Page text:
Far better to have a well-informed populace than to wave a big stick
It makes economic sense for the government to incentivise behaviour associated with healthy outcomes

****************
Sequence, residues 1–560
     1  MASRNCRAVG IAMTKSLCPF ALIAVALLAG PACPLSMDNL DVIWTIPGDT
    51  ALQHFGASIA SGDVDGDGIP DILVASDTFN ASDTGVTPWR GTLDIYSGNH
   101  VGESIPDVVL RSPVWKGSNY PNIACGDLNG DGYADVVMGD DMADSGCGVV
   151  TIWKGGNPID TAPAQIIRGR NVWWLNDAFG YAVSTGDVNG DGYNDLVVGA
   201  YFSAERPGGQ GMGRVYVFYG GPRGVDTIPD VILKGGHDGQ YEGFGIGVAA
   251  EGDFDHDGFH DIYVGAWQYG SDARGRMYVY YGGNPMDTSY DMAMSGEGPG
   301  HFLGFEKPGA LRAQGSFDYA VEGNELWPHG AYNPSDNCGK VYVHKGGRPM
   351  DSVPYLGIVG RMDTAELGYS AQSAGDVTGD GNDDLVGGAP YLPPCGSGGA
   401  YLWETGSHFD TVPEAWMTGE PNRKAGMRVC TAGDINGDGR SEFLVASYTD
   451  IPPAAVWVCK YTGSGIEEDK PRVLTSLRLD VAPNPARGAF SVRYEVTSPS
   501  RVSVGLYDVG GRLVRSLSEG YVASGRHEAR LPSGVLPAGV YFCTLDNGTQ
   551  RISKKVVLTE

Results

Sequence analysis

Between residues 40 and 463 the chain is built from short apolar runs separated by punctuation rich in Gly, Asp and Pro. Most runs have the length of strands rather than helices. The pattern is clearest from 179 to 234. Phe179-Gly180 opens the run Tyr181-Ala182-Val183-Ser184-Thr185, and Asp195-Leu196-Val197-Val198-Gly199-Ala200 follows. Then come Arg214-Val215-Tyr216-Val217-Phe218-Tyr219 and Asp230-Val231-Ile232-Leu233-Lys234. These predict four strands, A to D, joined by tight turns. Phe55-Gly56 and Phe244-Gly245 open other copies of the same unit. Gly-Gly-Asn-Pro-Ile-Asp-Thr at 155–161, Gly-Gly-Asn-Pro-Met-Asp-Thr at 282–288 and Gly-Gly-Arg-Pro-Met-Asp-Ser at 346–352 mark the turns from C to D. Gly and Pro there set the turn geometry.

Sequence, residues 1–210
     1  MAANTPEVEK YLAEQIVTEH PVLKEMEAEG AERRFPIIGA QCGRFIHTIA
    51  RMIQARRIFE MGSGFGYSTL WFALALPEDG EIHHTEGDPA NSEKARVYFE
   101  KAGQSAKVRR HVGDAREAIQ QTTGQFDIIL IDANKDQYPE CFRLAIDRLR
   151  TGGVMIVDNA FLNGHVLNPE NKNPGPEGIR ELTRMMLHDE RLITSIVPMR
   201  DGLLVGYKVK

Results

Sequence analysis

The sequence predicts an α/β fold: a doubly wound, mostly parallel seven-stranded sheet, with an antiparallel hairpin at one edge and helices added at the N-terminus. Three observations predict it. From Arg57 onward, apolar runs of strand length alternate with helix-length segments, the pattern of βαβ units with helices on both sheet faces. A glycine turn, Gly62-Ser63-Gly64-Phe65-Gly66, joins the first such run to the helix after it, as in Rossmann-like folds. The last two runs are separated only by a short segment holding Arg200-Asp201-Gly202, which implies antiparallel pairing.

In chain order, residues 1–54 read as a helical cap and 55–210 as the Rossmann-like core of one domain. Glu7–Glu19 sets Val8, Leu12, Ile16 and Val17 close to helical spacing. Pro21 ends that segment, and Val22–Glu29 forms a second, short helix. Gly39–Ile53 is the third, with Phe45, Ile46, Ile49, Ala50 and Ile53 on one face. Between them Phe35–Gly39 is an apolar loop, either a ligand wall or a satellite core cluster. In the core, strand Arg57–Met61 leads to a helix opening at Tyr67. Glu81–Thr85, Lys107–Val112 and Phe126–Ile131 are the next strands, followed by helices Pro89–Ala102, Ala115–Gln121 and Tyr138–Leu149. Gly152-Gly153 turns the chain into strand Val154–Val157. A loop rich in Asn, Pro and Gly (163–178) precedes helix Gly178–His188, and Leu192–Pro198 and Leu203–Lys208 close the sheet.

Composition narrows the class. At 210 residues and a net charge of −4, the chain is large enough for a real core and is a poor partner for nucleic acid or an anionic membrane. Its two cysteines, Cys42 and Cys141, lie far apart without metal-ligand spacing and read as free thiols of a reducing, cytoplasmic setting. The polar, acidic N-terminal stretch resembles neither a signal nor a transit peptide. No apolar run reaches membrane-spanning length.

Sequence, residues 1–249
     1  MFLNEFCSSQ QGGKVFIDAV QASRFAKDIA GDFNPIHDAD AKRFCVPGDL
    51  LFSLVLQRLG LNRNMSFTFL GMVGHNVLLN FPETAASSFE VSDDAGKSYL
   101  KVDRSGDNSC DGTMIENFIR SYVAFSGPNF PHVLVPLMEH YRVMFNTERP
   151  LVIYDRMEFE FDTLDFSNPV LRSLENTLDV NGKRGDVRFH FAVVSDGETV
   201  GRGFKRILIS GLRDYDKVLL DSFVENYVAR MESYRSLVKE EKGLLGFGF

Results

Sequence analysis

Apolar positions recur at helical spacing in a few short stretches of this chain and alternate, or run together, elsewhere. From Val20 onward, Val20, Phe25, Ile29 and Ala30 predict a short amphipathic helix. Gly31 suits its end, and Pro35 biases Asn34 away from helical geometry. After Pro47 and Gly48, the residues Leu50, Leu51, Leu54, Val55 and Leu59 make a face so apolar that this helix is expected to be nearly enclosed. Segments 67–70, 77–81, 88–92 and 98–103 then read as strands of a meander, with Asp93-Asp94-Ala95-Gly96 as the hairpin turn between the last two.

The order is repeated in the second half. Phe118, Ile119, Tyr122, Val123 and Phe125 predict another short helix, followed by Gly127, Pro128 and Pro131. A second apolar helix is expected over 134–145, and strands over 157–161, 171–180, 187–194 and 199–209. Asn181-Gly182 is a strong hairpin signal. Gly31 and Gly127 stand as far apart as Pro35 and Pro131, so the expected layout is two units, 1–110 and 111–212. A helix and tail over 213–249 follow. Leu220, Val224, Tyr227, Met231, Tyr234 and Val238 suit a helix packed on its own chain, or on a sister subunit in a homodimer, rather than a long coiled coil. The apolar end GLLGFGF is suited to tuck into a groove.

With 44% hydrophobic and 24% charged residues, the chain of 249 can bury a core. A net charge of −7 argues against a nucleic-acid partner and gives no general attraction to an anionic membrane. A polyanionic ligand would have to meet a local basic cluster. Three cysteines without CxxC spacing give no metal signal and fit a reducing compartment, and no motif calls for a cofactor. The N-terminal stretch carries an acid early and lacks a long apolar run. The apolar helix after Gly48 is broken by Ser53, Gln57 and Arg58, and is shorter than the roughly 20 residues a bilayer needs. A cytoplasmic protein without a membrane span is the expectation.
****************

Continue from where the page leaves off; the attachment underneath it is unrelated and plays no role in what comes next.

We are never too far from the easy path. It tempts us at every juncture, and it seems that with what is now termed the health promotion levy (previously the tax on sugary beverages), we will choose the path of least resistance there too. The government is determined to implement a tax it hopes will reduce the consumption of sugar-sweetened beverages. But more than just taking the easy road, this kind of policy making reinforces the notion of a nanny state, which we should always guard against. In his budget speech in February, former finance minister Pravin Gordhan insisted that "further consultations are currently taking place on the tax on sugary beverages. "Arising from these discussions, and working closely with the Department of Health, the proposed design has been revised to include both intrinsic and added sugars. The tax will be implemented later this year once details are finalised and the legislation is passed." Delivering his budget vote three months later, his successor,...